Model: Franchesca Del Carpio
Not many people can say that they’ve put in four decades of work in the Lowriding scene, but Santa Ana resident Cruz Alvarez can. For 42 years, Alvarez’ heart for Lowriders has been beating strong, and he shows no signs of slowing up now. His first foray into cruising the boulevard was with a 1966 Chevy Malibu, and to give you some perspective, the car had only been out of the factory for four years when he purchased it! Cruz had the Malibu painted in a Metal Flake spray job, lowered and he added chrome wheels to it, giving him the perfect cruiser with which to join his first car club; the Latin Gents. Eventually, he left the Latin Gents and joined a car club from his hometown of Santa Ana, California called Classics Car Club.
Things progressed for Cruz, and in 1974 Cruz married his high school sweetheart, Dolores, and sold the sixty six Malibu. Taking on the responsibilities of starting a family, Cruz felt it best he step away from Classics Car Club to focus on his new life. Through it all, Lowriding never left his heart and after twenty years had gone by, Cruz found a 1952 Chevy Deluxe and brought it home. His brother-in-law, Art Ramirez, was president of Orange County’s Old Style Car Club, so Cruz joined the club with his fifty two and once again had a nice car to cruise on the streets of Santa Ana.
Alvarez kept on Lowriding, finding a ’56 Ford Truck in 2001, which he instantly purchased and began to tinker with. He liked the overall vibe of the truck, so he didn’t go all out on the build; opting instead to keep it simple by lowering it a little and giving it a nice, custom, Purple paint job. What Cruz did next was a rare move by many Lowriders, but a necessary one for all. Realizing how big his fleet of cars was getting, he decided to build a garage big enough to house the vehicles.
The project officially began in 2002, and after much planning, Cruz erected a 40’ x 30’ structure in his backyard. He decided this would be more than just a space for his dream cars; he wanted it to reflect the history he had in cruising the boulevards so he began to decorate it. Cruz started filling his dream garage with automotive art and Lowriding memorabilia that he had collected throughout the years. Before long, the space had completely been transformed and what was once a garage now resembled a ‘50s diner!
Of course now that he had a ‘50s diner, he decided he needed one last decoration. What better to put in a ‘50s-themed garage than a 1957 Chevy Bel Air! Cruz told his wife, Dolores, that he wanted to find a 1957 Chevy Bel Air convertible. She knew it was his dream car, but she also knew the cost of a restored one was well over $50,000 dollars and since he had just built a garage, she was hesitant to encourage him. She told him, “You have your ‘52 & ‘56; you don’t need any more cars.”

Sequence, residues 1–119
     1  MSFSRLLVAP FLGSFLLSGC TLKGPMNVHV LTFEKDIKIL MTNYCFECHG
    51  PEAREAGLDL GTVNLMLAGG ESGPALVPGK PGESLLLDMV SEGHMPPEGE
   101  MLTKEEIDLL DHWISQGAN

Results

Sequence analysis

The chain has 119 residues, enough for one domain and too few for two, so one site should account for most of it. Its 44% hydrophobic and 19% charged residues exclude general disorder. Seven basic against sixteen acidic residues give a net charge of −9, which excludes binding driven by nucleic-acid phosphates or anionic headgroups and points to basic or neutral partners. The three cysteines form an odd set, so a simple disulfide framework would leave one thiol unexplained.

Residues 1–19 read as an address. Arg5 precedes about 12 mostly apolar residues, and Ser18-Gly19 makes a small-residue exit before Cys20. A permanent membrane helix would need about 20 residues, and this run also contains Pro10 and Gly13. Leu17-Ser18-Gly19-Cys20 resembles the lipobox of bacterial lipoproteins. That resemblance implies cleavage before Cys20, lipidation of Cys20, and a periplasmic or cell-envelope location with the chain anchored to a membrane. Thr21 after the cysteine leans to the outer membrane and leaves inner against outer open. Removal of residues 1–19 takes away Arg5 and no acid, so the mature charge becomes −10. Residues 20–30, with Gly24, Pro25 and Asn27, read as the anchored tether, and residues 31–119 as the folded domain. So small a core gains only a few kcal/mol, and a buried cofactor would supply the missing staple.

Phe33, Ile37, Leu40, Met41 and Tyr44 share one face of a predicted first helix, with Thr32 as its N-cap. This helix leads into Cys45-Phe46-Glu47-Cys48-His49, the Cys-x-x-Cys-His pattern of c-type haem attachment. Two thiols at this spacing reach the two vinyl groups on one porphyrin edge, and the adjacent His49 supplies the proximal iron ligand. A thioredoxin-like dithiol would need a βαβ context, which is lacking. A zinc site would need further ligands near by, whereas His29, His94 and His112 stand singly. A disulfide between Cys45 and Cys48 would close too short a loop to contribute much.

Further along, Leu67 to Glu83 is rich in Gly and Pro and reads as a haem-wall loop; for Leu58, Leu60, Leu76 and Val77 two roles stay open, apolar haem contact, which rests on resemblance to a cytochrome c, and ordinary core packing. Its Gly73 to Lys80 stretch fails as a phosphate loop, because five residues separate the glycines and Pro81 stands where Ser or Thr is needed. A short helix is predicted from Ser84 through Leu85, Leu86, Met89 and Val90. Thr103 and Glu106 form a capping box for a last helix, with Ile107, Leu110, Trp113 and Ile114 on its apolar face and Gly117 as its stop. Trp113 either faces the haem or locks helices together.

Undeterred, despite what Dolores had told him, Cruz put the word out that he was looking for a restored fifty seven. Every car that came his way was out of state, but he wanted to buy one locally so that he could examine the car thoroughly before making the move to purchase it. One Saturday morning, the phone rang at the Alvarez home. It was a friend of Cruz’ calling; his son had found a Bel Air in Los Angeles that was restored and for sale. While he was already prepared for the backlash that his beloved wife would send his way, he nevertheless convinced Dolores to drive with him to see the car later that day. His friend rode down there with him and as they waited for the seller in a McDonald’s parking lot; Cruz was fraught with anticipation, hoping it was the car he’d always wanted. Sure enough as the car approached, a stunned Cruz said, “Wow! I want it!” and Dolores said, “Me too!”
The car was beautiful; it was restored and all-original, looking fresh out of the factory. A deal was made and three days later it was sitting in Cruz’s dream garage where it fit right in with the decorum.
While she was initially happy he bought the car, ever since Cruz brought the car home, Dolores has had to fight with it for Cruz’s attention. Thus, the fifty seven has rightfully been christened as “The Other Woman.” While the Chevy may be “The Other Woman;” it will never replace Dolores, who lovingly gave Cruz the green light to bring her home. If you ask Cruz who the car belongs to, he’ll tell you that it belongs to both him and his wife. What a smart man. After all, a happy wife equals a happy life!
“The Other Woman”
Owner: Cruz Alvarez
Vehicle: 1957 Chevy Bel Air Convertible
Car Club: Old Style C.C., Orange County
City/State: Santa Ana, California
Paint: The Bel Air was painted the factory Tropical Turquoise as part of the restoration. Cruz added the one-piece bumpers and the continental kit to the Bel Air after he bought it. Clemente Rodriguez from New Year Chrome Plating in Santa Ana, California took care of all of the chrome plating.
Interior: The interior was refreshed to factory specifications as part of the restoration. Cruz installed the in-car entertainment powered by a remote controlled DVD head unit housed in a custom under dash enclosure that was paint matched to the car. Cruz added the custom painted ice chest in the trunk for use at the shows.
Suspension: The suspension and frame were restored to factory specifications before Cruz had Richie Rodriguez of Garden Grove, California install a custom airbag set up that allows the fifty- seven to lay low, dip the rear end, and lock up the front end. Because the car was a restoration, Cruz did not want to cut up the car for a hydraulic system.
Engine: The 283 was rebuilt and painted to factory specs and Cruz upgraded the battery and added a few chrome and gold pieces to the engine bay.
Wheels: 14-inch Dayton Wire Wheels.
Tires: Premium Sportways 5.20s.